Is there anything bolder, more unexpected on TV these days than Fargo? Each season is self-contained and tautly written. It has weak moments but when it is good, it’s the best thing streaming right now. Season 5 begins with almost the same premise as the original 1996 film, with a housewife who’s attacked at home by masked and incompetent thugs.
Unlike in the film, however (I won’t spoil anything), this housewife isn’t a novice hostage. She’s done this many times before. Dot, played by the fragile but fierce Juno Temple, lives a seemingly quiet life at home with her child-like husband Wayne and her cheerful daughter Scotty. But Dot’s life isn’t normal or quiet—by episode 2 she is rigging booby traps in her house using electrical wire and a mallet suspended over the front door. Even before her kidnapping, Dot seems on edge—apt to taser anyone who accidentally bumps into her, eyes darting from side to side, watching and waiting for some person or sign to resurface from her mysterious but clearly traumatic past.
After she is kidnapped there follows a thrilling sequence at an out-of-hours gas station which becomes her fortress. She waits, under siege from the masked men who nabbed her, and prepares for action in intriguing ways—there’s a bag of ice and a toilet bowl used to tremendous effect. Early on Dot’s extraordinary resourcefulness is established—‘I have climbed out of six layers of hell to get here,’ she says to her overbearing mother-in-law, and nothing and no one is going to stop her from getting home to make her daughter Bisquick pancakes. Dot’s devotion to her completely average life and family is the most poignant part of the series. It’s refreshing to have a heroine who is simply grateful for the average things in life, things which many of us take for granted —a healthy family, a loving husband, a nice house and food on the table.
If Fargo is good at one thing, its common heroines with uncommon gifts of insight and perspective. Frances McDormand set the bar for these characters when she played a heavily pregnant cop who unravels an extraordinary string of violence during an average day at work as a state trooper in North Dakota. This trope is one of the most endearing in the series, although it can stray into twee territory.
The singsong accent adopted by most of the show’s cast is successful roughly 70% of the time. I know because I’m from Montana, one of the ‘flyover states’ that borders North Dakota. Some actors are good at the accent and it really enhances the character and environment—others sound like they’re doing a funny voice for a children’s puppet show. Speaking of puppet shows, this season has its fair share of random, seemingly pointless digressions, including a puppet version of the ‘it-was-all-a dream’ sequence which annoyed me immensely until I thought about it for a while and realised it did help the plot and character development a bit.
But mostly it felt like treading water, the writer using up half an hour of running time to fill his 10-episode quota. In an even more baffling sequence, there is a flashback to the year 1552, in ‘Wales, in the Kingdom of England’, supposedly the backstory for the sinister Ole Munch. I could write a novella-length review about this character alone but he has to be seen to be believed. His flashback made no sense then and only a little more sense upon reflection. In some ways, I admire the sheer audacity of Fargo’s writer, his trust in his story and his resilience to angry studio execs and audience members who want to know what the hell it all means.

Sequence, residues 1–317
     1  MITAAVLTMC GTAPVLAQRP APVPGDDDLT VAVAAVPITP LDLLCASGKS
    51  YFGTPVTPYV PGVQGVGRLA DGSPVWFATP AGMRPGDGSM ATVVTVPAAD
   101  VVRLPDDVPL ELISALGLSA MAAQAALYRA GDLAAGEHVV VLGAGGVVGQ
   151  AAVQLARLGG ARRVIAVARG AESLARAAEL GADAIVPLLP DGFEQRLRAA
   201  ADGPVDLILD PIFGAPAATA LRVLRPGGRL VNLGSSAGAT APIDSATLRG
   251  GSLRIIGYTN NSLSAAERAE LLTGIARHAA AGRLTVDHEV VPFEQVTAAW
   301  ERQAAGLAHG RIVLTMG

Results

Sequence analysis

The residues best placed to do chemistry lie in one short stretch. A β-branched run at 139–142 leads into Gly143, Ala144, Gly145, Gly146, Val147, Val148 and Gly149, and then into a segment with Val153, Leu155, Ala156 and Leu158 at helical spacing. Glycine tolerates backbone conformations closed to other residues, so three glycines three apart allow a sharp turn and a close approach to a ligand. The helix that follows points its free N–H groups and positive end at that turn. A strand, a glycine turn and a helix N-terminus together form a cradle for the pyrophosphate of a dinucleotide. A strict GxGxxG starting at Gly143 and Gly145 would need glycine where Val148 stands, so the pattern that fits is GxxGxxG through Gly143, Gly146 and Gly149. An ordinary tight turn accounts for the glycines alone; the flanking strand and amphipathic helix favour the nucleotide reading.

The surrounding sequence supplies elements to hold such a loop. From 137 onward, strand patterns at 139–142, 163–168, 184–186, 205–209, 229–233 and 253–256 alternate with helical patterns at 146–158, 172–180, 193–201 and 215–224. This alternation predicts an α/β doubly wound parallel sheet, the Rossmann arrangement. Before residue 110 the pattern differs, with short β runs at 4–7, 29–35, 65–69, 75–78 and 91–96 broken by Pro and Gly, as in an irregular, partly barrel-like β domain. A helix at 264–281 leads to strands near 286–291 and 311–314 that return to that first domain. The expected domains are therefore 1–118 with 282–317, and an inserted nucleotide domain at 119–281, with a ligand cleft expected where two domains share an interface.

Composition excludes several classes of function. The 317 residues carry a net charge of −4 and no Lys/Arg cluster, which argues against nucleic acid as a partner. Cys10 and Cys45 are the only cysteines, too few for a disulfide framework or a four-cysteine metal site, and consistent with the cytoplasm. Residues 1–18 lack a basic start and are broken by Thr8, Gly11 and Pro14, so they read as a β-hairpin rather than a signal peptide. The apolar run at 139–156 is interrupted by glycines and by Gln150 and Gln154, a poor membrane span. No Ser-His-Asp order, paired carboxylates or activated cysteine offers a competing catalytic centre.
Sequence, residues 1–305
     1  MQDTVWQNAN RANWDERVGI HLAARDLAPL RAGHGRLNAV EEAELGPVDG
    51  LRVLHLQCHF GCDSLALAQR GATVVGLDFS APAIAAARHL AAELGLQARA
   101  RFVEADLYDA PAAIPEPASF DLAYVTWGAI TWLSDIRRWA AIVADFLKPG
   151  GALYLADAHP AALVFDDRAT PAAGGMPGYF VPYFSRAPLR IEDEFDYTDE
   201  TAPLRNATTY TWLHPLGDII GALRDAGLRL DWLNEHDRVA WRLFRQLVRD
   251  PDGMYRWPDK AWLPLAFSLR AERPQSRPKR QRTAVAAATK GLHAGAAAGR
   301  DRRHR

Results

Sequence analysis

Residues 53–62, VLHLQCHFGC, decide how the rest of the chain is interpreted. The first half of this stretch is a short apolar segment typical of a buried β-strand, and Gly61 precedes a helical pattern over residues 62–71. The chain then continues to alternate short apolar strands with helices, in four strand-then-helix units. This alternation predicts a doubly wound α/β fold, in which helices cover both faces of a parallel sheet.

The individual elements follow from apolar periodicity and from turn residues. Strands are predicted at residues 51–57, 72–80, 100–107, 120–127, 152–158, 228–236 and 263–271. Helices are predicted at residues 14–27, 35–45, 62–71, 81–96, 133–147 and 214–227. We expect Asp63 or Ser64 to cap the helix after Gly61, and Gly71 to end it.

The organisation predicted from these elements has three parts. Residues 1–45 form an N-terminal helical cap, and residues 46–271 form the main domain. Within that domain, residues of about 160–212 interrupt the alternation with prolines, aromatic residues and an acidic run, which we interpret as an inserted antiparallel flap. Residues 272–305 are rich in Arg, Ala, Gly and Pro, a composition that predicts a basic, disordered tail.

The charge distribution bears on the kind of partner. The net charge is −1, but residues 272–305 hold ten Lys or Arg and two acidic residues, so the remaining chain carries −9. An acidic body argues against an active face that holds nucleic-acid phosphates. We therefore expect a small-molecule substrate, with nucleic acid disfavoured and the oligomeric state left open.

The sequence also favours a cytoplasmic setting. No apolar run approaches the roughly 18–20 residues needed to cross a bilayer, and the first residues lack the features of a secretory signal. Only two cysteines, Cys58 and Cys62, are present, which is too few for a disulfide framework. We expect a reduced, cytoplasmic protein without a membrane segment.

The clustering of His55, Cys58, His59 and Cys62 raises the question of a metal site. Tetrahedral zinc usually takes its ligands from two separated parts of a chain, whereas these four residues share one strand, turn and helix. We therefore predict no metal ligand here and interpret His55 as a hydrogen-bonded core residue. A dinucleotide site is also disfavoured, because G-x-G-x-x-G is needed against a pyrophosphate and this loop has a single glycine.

There is meaning in each strange episode, I’ve found—you just might not know what it is. Noah Hawley wrote the whole series, a man whose CV for film and TV really only comprises episodes of Bones. I bet he’s getting work now, and I will watch anything he writes. Hawley has gone for tonal similarity to the preceding Fargo seasons, a mix of satirical comedy, extreme violence and good old-fashioned American values, but this one feels closer to drama than the rest. Its main plot line is a damaged woman escaping from an abusive husband.
The most satisfying character development takes place between Dot and her formidable mother-in-law, the billionaire debt collector Lorraine Lyon. Jennifer Jason Leigh plays Lorraine, whose speed dial list seems to contain every US Supreme Court Justice as well as the President of the United States. It’s heavily implied that this is Trump— ‘the orange one,’ she calls him—and amazingly, Trump and his MAGA militia turn out to be the good guys. Or at least, they’re not the bad guys. At the end of the season, they rumble in on their tanks to confront the abusive husband, but not for domestic abuse charges.
That would be unreasonable. The abuser is Roy Tillman (played by a brilliantly menacing Jon Hamm), sheriff of a rural North Dakota county who has set up a little kingdom for himself on the taxpayers’ money, which is why the feds turn up at his ranch. He’s even got a flame-thrower and a tank, though I’m sad to say these don’t materialise. Roy Tillman also harbours a compelling self-delusion that he alone is God’s instrument for justice, and that it is God’s will that Dot be returned to him.
In essence, season 5 is about jurisdiction and the execution of power—who wields the power on Tillman’s ranch, Tillman himself, Lorraine and her lawyers, or the federal government? These three forces collide and Dot is literally caught in the crossfire—but like all good drama, the personal and the political struggles play out at the same time in the same place.
Who has jurisdiction over Dot’s life and body? Dot herself? Law enforcement? Her mother-in-law? Her husband? They all do, at different times and in different ways. This season is about how Dot reclaims her body and her life and returns home just in time to make her daughter Bisquick pancakes for dinner.